Exposure of Saxifrage
The ideal location is in half shade. Saxifrage prefers bright locations, but not in direct sun.
At the very least, it should not be exposed to direct sunlight during the middle hours of the day. It is also best to avoid locations that are too exposed to wind.
If the plant is placed in the garden it will need regular watering, at least 3 times a week, but it will be enough to assess the moisture content of the soil, touching the soil. In winter, watering can be thinned or even stopped.
During the flowering period, it is better to fertilize twice a month with a liquid fertilizer if we use watering can or a slow-release granular fertilizer. It is advisable to choose a fertilizer with a high potassium content.
How to reproduce Saxifrage
Usually these herbaceous plants are reproduced by seed, but you can also prepare cuttings or divide the heads. In the first two cases, the plant may take years to flower.
- Sowing: sow seeds in spring, first in a seedbed, covering the seeds with a sheet of cling film. After a month, the first leaves will sprout, and once some sprouts have emerged, it can be transferred to full soil or potted.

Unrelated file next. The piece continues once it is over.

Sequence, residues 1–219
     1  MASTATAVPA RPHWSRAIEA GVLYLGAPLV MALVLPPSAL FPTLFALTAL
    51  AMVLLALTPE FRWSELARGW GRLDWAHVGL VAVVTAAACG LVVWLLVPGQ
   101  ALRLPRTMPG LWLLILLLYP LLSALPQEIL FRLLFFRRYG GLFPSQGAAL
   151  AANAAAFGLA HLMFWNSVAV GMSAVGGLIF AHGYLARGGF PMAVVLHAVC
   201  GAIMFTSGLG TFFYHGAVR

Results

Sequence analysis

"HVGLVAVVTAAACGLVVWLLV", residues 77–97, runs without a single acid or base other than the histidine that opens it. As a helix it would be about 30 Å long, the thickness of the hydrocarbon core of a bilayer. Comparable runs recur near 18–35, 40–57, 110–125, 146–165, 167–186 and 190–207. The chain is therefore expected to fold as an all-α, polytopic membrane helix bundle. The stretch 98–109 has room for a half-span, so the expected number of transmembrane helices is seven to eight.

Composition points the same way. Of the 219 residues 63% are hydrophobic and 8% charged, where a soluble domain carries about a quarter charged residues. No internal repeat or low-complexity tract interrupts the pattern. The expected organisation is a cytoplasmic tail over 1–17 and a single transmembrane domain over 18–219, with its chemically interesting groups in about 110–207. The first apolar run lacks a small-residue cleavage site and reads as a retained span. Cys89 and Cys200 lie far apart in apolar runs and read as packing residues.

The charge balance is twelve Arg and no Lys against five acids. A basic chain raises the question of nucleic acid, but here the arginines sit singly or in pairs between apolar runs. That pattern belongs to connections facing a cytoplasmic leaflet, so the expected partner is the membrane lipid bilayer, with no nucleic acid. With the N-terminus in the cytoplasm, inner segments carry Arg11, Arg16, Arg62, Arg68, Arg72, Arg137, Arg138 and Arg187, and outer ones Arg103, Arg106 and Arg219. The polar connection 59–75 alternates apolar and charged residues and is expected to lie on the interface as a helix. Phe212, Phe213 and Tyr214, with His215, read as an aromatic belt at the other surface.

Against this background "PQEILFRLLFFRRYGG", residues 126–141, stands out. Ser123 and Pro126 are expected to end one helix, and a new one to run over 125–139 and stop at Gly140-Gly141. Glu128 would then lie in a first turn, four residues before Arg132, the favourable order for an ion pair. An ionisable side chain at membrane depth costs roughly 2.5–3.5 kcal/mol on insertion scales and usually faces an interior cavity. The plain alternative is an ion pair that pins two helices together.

- Cuttings: around June, the rosettes that do not have flowers are cut off, the lower leaves are stripped off and planted in containers with equal parts peat and sand. They will be left like this until spring, watering regularly. In the following September they can be transferred to pots individually, and after a year they can be planted in full soil.
- Root division: go to the root of the plant and remove the lateral suckers. They must be placed in a pot with half peat and half sand. To transfer it to the garden you have to wait two years.
What are the pests of Saxifrage
The most common pests are aphids and mealybugs. To eliminate them, there are some natural remedies.
Once the solution is prepared, spray on the plants. Also, avoid watering the plants on the leaves and go directly for the substrate.
Curiosities about Saxifrage
The plant is also valued in phytotherapy, and is used to dissolve kidney or bladder stones. In fact, we often find it among the ingredients in medicines for the prostate and urinary system. It is also considered a source of vitamin C.
Another curiosity lies in the meaning of the flowers: you give this plant to friends because it represents long-standing friendship.